An Israeli Weighs in on the Flotilla
Last month I interviewed Israel’s president, Shimon Peres, and the piece, 6,800 words long, duly appeared in The Tablet, a Jewish-American online magazine. A minuscule part of the interview raised a journalistic firestorm last week in Britain.
Peres said that there was always an anti-Semitic (and anti-Israeli) streak in the British establishment, among both Labourites and Conservatives, and this was given historic expression in Britain’s abstention in the pro-Zionist UN partition vote in November 1947 and in subsequent, periodic anti-Israel arms embargos and in Britain’s treaty alliances with various Arab states. He could also have mentioned Britain’s recent expulsion of the Mossad’s London head of station in retaliation. By the way, Peres said that British MPs are no doubt wary of their millions of Muslim constituents when they make foreign-policy pronouncements.
Some British newspapers summarized the message in their headlines thus: Peres says Britain is anti-Semitic. The exaggeration, not to say misrepresentation, of Peres’s point was in part a reaction to Israeli anger last week over British Prime Minister David Cameron’s public description of the Gaza Strip today as “a prison camp “ and of his condemnation of Israel for its raid on the Turkish “humanitarian “ flotilla heading for Gaza.
A number of points emerge from this fracas: One, newspapers—even quality British newspapers—will manipulate statements to sell copies and to vent their feelings about this or that policy or state (and Israel, unfortunately, is a frequent victim of journalistic prejudice and ire). Another, more significant point, is the steady downward spiral of Israel’s standing in Europe and European public opinion (and in democracies politicians often reflect what publics think or at least will allow them to say). This is a result of the receding memory of the Holocaust (which for decades served to severely curtail criticism of Israel), to the steady political and economic empowerment of the Arab and Muslim worlds (due to oil wealth and demographic clout, which includes Muslim immigration to the West), to postcolonial guilty feelings over their own past treatment of Third World peoples projected onto the Israeli-Arab scene, and, yes—something Peres did not mention in the interview—Israel’s own occasional misdeeds and misguided policies.
All of this has generated a lot of hypocrisy, which has somehow gone largely unremarked. Western states have condemned and punished Israel for its use of false passports in the assassination of a top Hamas officer in Dubai—when their own intelligence services regularly use false passports (sometimes also on “wet operations”; vide the killing by Britain in Gibraltar, some decades ago, of the IRA four) and when their governments designate the Islamist Hamas a terrorist organisation and know that its aim is Israel’s destruction, that is, the destruction of a fellow democracy and member of the United Nations. And some Western states have condemned Israel for stopping and boarding a Turkish vessel bound for Gaza and killing nine of its passengers—while knowing full well that the expedition was not a bona fide humanitarian mission (Israel had offered to convey the goods the vessel was carrying to the Gaza population, and the Turks refused), but instead was carrying out a deliberate provocation and that the passengers attacked the Israeli commandos with iron bars and knives as they descended from helicopters, triggering the soldiers’ counterfire, which led to the deaths on board. Israel feared that the vessel might be carrying weapons for the Gaza-bound fundamentalists—or that if allowed to reach Gaza, a precedent would be set and follow-up vessels would arrive brimming to the gills with rockets for Hamas.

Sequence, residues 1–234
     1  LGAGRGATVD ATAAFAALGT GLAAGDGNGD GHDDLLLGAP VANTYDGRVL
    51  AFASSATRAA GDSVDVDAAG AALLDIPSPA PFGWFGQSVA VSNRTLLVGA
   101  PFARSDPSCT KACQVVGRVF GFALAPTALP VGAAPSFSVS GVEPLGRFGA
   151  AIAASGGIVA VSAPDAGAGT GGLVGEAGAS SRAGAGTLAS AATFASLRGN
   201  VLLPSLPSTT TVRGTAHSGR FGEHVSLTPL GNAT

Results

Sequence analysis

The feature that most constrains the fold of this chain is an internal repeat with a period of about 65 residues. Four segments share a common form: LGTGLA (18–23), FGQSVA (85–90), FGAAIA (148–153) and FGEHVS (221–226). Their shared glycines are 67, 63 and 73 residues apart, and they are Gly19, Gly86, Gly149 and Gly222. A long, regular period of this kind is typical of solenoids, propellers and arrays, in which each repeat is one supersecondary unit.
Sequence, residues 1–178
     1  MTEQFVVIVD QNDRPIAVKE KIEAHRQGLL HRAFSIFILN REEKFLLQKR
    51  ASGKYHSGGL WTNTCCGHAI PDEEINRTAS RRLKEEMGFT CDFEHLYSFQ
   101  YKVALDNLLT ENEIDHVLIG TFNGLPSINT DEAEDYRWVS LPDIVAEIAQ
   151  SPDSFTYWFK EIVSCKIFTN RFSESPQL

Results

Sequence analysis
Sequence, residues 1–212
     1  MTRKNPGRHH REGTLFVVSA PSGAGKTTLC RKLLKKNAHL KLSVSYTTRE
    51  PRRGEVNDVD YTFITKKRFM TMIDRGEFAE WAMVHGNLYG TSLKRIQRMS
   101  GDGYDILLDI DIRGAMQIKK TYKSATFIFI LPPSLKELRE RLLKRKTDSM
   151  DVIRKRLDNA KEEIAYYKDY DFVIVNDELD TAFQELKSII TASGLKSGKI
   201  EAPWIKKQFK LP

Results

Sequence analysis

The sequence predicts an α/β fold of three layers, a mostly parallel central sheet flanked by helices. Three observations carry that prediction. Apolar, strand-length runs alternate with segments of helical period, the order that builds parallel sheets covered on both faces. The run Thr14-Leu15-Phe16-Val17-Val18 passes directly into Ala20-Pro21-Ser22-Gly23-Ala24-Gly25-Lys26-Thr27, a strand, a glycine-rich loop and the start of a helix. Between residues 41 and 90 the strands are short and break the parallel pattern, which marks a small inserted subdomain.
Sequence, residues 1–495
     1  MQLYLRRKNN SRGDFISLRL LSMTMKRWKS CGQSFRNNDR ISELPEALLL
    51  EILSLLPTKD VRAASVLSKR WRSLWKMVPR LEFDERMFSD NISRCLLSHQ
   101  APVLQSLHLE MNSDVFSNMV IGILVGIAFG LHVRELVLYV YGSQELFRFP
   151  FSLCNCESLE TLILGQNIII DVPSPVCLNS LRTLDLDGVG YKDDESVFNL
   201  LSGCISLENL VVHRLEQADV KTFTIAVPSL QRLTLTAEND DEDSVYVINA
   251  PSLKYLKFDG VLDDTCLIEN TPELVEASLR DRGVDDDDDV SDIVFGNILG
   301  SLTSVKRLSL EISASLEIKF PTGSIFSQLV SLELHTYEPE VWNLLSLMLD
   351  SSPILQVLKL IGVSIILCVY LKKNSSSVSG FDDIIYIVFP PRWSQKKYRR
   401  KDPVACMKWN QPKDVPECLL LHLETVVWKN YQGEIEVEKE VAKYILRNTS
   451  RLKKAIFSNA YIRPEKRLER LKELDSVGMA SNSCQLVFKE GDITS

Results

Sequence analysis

The United States and its allies regularly stop and inspect ships—Iranian, North Korean, Somali—on the high seas to search for weapons. These operations generally pass unreported and without comment in the world press. And if, on boarding such a vessel, crew members were to attack the boarding parties, of Americans or Britons, surely no one in the West would criticize the boarders for shooting their attackers in self-defense. But it is otherwise when it comes to Israelis.